Thursday, July 25, 2024

Gambling Commission, BetFred and Evoke CEO panel

Must read

Several senior UK gambling executives were present on Wednesday afternoon as CMS Law held its Gambling Conference 2024, with tier-one industry firms in attendance en masse – and not just on stage.

Leading the conference, though, was CMS Partner and Head of Gambling David Zeffman, who began with a ‘fireside chat’ with Gambling Commission CEO Andrew Rhodes.

The headline panel to follow saw Zeffman moderate a discussion featuring Rhodes, Betfred CEO Joanne Whittaker, Evoke (formerly 888) CEO Per Widerström and ex-Sky Bet CEO Richard Flint.

Gambling Insider was in attendance – and here are our highlights.

Potential growth and innovation

During a forward-looking opening segment, Flint, who is now an investor who has officially left the gambling industry, was asked if he would invest in any gambling start-ups today.

Responding with general reluctance, especially as he was “fearful of lower standards in second to third-tier companies with the industry,” Flint asserted that today’s B2C sector is a “game of scale.”

Flint did see “more potential” in the B2B sector and regtech, however, with Whittaker adding that, “as an industry, we are basically financial services now.”

The operator-regulator relationship

Another early discussion saw Zeffman ask Rhodes if the Gambling Commission may (whether inadvertently or not) be stifling innovation by looking into new forms of gambling that are yet to be regulated.

“I just want to be put out of my misery!” Whittaker concluded, when asked if there was anything about the White Paper she would change…

During a long, several-minute answer, Rhodes effectively admitted this was a challenging area and was not able to shed too much more light.

More positively, though, Whittaker praised Rhodes for removing the previous “them and us” mentality between the industry and the regulator in the UK.

The sector now is in a “good place,” with relationships between industry and regular moving from “negative to positive.”

Different, not equal?

Naturally, the discussion soon moved to potential regulatory updates within the UK sector, with Whittaker stating that the financial data points the industry is now looking at for affordability checks are “meaningful” – but that the process to get there is still “too slow.”

A very intriguing follow-up point was Flint’s assertion that sports betting and casino should not be treated differently by regulations.

Over the years, Gambling Insider has heard from several executives putting forward the case for exactly the opposite: that sports betting should be treated as less risky than online slots – and particularly lottery, considered the “softer” side of gambling.

Flint said it is “naive to think horseracing doesn’t have problem gamblers,” and that the data from his days at Sky Bet showed problem gambling to be even across both sports betting and casino.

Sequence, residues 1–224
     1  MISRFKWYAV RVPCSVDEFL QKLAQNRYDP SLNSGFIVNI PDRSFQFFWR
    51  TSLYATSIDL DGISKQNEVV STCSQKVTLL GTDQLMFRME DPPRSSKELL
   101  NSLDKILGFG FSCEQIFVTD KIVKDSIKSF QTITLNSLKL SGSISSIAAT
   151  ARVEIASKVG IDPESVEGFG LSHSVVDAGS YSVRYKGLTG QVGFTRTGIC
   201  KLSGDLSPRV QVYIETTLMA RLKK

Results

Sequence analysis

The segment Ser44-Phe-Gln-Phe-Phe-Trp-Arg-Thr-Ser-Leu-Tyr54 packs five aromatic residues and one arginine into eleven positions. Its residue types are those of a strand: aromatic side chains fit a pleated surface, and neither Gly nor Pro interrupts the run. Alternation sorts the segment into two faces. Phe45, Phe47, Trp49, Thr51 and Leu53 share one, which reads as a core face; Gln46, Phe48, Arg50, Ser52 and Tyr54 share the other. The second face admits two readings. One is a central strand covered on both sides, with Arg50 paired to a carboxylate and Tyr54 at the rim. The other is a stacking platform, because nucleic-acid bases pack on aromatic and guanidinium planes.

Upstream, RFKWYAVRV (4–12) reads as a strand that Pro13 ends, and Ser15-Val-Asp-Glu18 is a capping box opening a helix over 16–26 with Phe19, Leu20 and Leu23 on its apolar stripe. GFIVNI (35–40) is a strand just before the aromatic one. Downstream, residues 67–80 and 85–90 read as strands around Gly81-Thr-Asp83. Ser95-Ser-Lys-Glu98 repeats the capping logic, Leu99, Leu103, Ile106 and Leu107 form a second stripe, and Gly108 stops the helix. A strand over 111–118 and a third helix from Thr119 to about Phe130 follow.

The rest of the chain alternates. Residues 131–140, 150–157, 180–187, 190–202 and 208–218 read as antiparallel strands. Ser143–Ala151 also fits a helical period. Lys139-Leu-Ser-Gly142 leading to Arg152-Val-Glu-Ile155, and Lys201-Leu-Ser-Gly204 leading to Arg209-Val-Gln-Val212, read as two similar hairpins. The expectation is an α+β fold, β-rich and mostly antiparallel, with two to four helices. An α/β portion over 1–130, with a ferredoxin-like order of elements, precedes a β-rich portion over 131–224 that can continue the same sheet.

Make it stop…

The opinionated Whittaker soon expressed an impatience with White Paper delays. The prospect of a new UK Government after 4 July’s General Election raised questions of whether the whole consultation process could start again.

Whittaker, however, believes the recent trial run on affordability checks was “absolutely the right approach” and that she does not want anything to return to the debate stage.

“I just want to be put out of my misery!” she concluded, when asked if there was anything about the White Paper she would change.

Mergers, Turkey and Ombudsman

When Zeffman put the topic of M&A to the panel, Flint expressed surprise that global operators are dominating the industry… but not individual brands.

On this basis, he questioned the rationale behind some of the industry’s mergers, but commented that independent mid-range operators do indeed seem to eventually become part of a bigger group.

Whittaker, meanwhile, put things simply: she doesn’t see Betfred becoming part of another group at any point.

Flint said it is “naive to think horseracing doesn’t have problem gamblers,” and that the data from his days at Sky Bet showed problem gambling to be even across both sports betting and casino

The conversation then turned to an audience question on Entain’s operations in Turkey (which led to a record fine of £585m/$737.4m).

The panellists showed a general reluctance to go too deep into this topic but Flint did add: “We all knew Turkey was a problematic market.”

Rhodes added that the Gambling Commission will be doing more in B2B circles, and that the regulator is also working heavily with its Irish counterpart as Ireland updates its regulatory framework.

A final point of note was that of a Gambling Ombudsman, with Flint saying he has always been in favour of the creation of one. According to Flint, the regulator should not be relied upon as an expert to solve commercial customer disputes.

All in all, an insightful panel, and another example of positive industry engagement – from all sides of the equation.

Latest article